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I love that I get to be both Jesus- follower and addictions counselor. Not that they are at all exclusive, and I don’t see that they’re contradictory, but they do approach a prevalent problem each in their own way. Being a part of both traditions, I can incorporate them both into any discussion about addiction, compulsion or otherwise problem behaviors.

From following Jesus, I know to consider ideas of love and worship and mastery and purpose and even idolatry.

Addictions bring up questions of love. What do we love the most? A substance? A behavior? A lifestyle, healthy or not? A person? God?

Mastery is similar. Who or what really controls us? A substance or behavior? Our own discipline or will? The Spirit of God?

Purpose is important in any area of life, but particularly addictions. Having purpose is having direction and meaning and a place and a function. Similar to mastery, this idea says that you are not your own and have more to live for than just quick comfort and pleasure.

Idolatry is a funny sounding word to our post-modern sensibilities and not one we use very often.  Together with the worship concept, these words built on the ideas of love and mastery. Who do we love? Who do we serve? Who do we let control us?

These are the concepts that ultimately must be in place in order for recovery to be thorough and sustainable.

In many cases, though, even being in a stable head space where a person can think about, understand, and begin to practice concepts like love and worship takes quite a bit of work. This is where addictions therapy concepts come in. The wonderful thing about addictions counseling concepts is the way they address practical needs and tangible solutions in common moment to moment challenges.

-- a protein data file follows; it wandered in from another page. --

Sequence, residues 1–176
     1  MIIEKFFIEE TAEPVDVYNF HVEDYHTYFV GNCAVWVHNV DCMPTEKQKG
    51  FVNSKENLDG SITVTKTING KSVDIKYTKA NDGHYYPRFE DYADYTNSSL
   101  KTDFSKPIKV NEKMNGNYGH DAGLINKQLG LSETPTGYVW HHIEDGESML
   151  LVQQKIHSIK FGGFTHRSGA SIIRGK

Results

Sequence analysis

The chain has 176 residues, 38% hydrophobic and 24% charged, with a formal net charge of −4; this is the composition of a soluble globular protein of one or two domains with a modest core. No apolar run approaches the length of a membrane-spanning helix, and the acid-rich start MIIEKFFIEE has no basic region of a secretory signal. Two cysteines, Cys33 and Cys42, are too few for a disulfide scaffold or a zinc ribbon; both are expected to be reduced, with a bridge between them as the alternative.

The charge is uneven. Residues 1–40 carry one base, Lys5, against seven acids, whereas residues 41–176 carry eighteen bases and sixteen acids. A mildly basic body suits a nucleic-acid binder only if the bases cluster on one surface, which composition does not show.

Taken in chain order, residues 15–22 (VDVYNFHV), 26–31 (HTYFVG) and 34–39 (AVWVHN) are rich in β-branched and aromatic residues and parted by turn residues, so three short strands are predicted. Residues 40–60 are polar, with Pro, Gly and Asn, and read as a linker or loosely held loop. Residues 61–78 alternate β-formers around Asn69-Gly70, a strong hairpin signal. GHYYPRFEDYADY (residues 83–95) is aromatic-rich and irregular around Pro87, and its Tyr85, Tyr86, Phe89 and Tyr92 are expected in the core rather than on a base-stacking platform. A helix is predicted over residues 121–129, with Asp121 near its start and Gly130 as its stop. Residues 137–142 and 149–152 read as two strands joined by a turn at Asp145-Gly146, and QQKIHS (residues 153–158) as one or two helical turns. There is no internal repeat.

The addictions counselor will look not just at the “Relapse” but will try to understand why the relapse happened. What were the events and stressors leading up to it? How can a similar relapse of “backsliding moment” be prevented next time a similar situation arises? Counseling of all sorts works to develop self-awareness. Not that the Human soul is an infallible or ultimate source of revelation. Rather cultivating self-awareness helps us realize where we’re strong and where we’re weak. The self-aware person knows when they are vulnerable and when they need extra help. If they are paying attention, they can map out their feelings, depressions, stresses and discover their motivations for just about anything.

If you’re aware of a problem you can begin to understand it. If you understand a problem, you can begin to change it, at least a little. If you love God more than anything and have good people around you, then you have the strength and tools necessary for growth. What we call positive changes in the clinical world and what we might call redemption and healing in the church.

I love the work I get to do because I get to see both sides. I see people in both traditions, what works well for them and where their shortcomings are. I get to integrate the best strengths from both Christian theology and all the counseling traditions, which leaves me with a really full tool kit. Most of all, I get to see all the many wonderful modes of healing God can use.


Last night was another occasion of missing having a show to watch in the evening. Instead of caving to the craving, though, we played Scrabble with our housemate in English and Spanish.(You can do this by finding an extra set of tiles and drawing a “enya” squiggle above a couple extra ‘n’s.) So much fun! We laugh more lately, and create more inside jokes.

“Like” this post if you like board games and/or good ol’ fashioned “spendin’ time together” fun!!


Bless the Lord for He is good

He has provided for His people

Bless the Lord for His persistent generosity

He has given freely of Himself

Bless the Lord our protector

In Him our lives are safe

We will not be destroyed